Some literary characters slip free from their creators and become part of our shared culture, becoming the closest thing we have to a modern mythology. You don’t need to have read Arthur Conan Doyle, Carlo Collodi and Mary Shelley to understand Sherlock Holmes, Pinocchio and Frankenstein. It is certainly the case with the most famous creation of Edgar Rice Burroughs – Tarzan, Lord of the Apes, who first appeared in print 100 years ago. Very few of the boys who beat their chest and warbled the distinctive animal-ish yodel (“the bull ape’s savage roar of victory”… “What a frightful sound!… I shudder at the mere thought of it. Do not tell me that human throat voiced that hideous and fearsome shriek”, as the novel has it) had read the novel. It could be said that not many of them even should.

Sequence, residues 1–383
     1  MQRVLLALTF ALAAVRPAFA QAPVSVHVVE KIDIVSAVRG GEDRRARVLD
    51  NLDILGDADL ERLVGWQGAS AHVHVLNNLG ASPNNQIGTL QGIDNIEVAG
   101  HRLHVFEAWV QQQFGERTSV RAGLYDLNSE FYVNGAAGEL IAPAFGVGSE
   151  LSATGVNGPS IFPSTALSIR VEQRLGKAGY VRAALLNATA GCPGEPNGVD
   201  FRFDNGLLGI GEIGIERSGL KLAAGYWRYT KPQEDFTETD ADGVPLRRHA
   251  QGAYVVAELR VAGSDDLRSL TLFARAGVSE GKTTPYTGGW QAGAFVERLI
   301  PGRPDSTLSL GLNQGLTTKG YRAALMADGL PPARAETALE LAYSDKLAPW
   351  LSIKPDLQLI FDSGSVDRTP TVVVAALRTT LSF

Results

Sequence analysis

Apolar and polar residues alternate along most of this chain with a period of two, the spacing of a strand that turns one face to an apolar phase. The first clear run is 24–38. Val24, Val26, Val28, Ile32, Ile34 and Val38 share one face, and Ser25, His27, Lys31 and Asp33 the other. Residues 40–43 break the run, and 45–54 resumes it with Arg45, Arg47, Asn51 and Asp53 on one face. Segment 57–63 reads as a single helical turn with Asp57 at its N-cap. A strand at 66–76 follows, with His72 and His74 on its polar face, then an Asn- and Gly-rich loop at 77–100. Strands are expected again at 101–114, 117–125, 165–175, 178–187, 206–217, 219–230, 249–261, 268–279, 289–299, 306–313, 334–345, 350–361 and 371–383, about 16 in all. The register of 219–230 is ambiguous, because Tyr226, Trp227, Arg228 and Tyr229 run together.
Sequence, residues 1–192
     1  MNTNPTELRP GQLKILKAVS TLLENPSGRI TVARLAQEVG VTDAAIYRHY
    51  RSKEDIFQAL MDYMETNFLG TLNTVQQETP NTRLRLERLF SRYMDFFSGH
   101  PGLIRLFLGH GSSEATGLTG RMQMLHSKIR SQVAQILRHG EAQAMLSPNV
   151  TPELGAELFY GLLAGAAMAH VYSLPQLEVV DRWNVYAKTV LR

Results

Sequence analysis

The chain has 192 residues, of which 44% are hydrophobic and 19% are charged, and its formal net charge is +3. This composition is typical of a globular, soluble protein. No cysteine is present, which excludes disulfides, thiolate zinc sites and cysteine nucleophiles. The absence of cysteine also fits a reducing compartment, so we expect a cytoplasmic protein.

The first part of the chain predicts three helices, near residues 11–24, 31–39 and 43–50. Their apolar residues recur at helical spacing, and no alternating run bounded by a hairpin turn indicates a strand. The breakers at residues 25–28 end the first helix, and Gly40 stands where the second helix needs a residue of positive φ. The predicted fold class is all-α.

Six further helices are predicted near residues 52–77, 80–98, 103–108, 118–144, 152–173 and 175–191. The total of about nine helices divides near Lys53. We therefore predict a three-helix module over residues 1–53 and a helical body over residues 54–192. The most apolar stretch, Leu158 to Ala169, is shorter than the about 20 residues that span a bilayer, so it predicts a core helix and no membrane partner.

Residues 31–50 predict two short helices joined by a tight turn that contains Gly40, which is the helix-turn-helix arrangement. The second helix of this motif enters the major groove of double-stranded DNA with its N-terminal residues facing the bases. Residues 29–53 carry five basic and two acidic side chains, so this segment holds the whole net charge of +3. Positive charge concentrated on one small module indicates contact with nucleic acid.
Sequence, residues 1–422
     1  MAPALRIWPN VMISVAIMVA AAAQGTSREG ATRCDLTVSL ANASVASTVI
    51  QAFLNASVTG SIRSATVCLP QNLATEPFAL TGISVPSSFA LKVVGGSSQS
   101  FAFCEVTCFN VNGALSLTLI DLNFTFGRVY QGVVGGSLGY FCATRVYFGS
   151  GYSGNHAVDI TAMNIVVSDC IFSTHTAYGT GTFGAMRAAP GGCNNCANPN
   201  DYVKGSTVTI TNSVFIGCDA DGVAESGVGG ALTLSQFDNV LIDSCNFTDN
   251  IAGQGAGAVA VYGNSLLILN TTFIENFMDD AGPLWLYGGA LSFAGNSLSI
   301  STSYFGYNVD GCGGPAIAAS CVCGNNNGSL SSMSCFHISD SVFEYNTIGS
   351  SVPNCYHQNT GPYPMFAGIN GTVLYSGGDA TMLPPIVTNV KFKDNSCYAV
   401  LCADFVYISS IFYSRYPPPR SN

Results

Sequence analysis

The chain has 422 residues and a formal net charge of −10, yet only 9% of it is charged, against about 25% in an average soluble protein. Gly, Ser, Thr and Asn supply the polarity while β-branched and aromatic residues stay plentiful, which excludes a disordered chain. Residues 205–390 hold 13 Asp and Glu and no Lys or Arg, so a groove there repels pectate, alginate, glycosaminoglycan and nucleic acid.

Alan Grant, the Scottish comics writer who has worked on Judge Dredd and created Mr Zsasz and Jeremiah Arkham for Batman, has called Tarzan the original superhero (indeed, Grant’s career began writing Tarzan comics). Tarzan was almost immediately a multimedia hero: on film by 1918, as a comic by 1929, on radio by 1932. The character also has the strange plasticity that allows him to be put into countless, even contradictory, kinds of story.